straight back and "pull through the shot".


Just relax the wrist.
Flatten out the back of the hand.
Don't squeeze your bicep muscles (upper arm muscles).

Use your back muscles, the shoulder blade muscles
(same ones for rowing a boat)....

If I have my hand on your elbow,
then push my hand straight back
with your elbow.

Keep the tension even on all the fingers.


I have a 3 finger Evo release,
and I just use the index and middle finger (2-finger hold).


Evo handle is very sensitive to vertical angle.

If the first time you pull,
you have more tension on the 2nd finger
and
if the second time you pull,
you have more tension on the 3rd finger...

you have changed the vertical angle of the release...

first time, top of release (near pinky finger)
was closer to the riser...you will need one amount of tension to fire


second time,
top of release (near pinky finger)
was farther away from the riser...you will need a different amount of tension to fire the release...


the Evo is going to show you VERY CLEARLY
if you do anything different.


If you grip the handle with a tight fist for one shot
and
if you grip the handle with a loose fist for the 2nd shot
and
if you grip the handle with the tips of your fingers for the 3rd shot....

the release will fire at 3 different amounts of tension
(you may even run out of air, because one of those shots will take a loooong time)



so,
folks will say the release sticks
or
the release is not firing at the same amount of pressure
or
the release fires quick on one shot
and the release fires sloooow on the next shot....


well,
find a grip on the handle
(number of fingers, and a position for the handle on your fingers, as in loose grip or tight fist grip and you must reproduce this grip the same way for each shot)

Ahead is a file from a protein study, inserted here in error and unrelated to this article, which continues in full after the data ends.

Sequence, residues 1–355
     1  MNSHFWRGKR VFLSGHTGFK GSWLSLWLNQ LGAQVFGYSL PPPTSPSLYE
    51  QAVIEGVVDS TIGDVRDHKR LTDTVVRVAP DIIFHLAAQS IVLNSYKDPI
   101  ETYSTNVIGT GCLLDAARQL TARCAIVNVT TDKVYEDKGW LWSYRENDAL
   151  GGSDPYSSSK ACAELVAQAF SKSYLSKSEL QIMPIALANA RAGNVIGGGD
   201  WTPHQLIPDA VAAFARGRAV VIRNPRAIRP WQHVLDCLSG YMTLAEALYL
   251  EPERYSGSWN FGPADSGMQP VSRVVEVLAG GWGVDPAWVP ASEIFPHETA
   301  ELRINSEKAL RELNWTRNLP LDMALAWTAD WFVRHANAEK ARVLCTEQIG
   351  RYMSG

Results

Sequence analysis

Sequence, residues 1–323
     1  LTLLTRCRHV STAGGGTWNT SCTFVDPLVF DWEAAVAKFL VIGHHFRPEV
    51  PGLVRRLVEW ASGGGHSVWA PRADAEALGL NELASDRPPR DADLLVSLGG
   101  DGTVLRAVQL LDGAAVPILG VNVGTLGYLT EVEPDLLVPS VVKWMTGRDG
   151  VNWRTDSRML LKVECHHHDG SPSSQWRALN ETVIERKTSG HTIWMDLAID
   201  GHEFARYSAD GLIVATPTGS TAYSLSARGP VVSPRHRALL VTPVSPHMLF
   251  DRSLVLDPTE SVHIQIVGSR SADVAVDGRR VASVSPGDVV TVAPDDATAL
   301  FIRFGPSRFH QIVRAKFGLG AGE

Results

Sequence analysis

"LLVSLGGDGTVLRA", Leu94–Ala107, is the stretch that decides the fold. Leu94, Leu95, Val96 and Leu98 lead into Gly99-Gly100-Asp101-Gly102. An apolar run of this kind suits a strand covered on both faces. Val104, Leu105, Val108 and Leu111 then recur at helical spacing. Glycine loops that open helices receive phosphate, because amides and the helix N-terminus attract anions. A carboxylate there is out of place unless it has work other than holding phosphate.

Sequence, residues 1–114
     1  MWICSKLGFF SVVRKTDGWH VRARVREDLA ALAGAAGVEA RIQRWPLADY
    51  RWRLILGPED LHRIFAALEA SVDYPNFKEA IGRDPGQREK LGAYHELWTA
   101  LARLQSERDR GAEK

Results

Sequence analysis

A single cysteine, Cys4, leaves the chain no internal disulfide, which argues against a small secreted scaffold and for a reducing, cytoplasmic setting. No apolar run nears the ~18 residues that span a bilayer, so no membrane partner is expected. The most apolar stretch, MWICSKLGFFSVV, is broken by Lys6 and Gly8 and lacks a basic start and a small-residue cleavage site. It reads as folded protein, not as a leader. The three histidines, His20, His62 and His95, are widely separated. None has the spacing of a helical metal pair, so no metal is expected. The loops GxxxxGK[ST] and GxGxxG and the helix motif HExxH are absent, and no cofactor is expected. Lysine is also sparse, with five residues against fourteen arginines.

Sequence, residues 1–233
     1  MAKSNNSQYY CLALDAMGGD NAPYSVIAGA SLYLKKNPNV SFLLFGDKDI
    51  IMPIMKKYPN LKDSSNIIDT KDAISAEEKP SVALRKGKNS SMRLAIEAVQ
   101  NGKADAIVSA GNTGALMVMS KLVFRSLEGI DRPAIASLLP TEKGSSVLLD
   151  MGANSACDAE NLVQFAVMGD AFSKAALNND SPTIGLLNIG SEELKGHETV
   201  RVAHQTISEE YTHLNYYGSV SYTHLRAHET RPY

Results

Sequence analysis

(and find the same relaxed wrist, to keep the handle angle the same)

and the Evo release will be very consistent.
 

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I watched a hunting show on TV the other day and this guy had the nock back near his ear. I had to take a second look at it, couldn't believe his anchor was so far back. I use a kisser button and touch the string with my nose so that every time I reach full draw I will be consistant. Works for me and it establishes the correct anchor point in the draw cycle!
 

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Can't really add much to Nutts & Bolts excellent answer except... most people have their wrist strap release adjusted long. When they go to a hand held release they have in effect lengthened their comparative draw length. I.É. their hand is further away from the riser with the wrist strap than with the hand held release. Just remember, better an inch too short than 1/4" too long. Especially with the Evo.

After years (25) of a wrist strap I've switched to an Evo for 90% of the time & a Carter Target 3 for 3D and maybe hunting. I'm not there yet but I can already see an increase in consistency. Good luck, be patient. It will seem hopeless at times, but the end result will make you a much better shot!

hd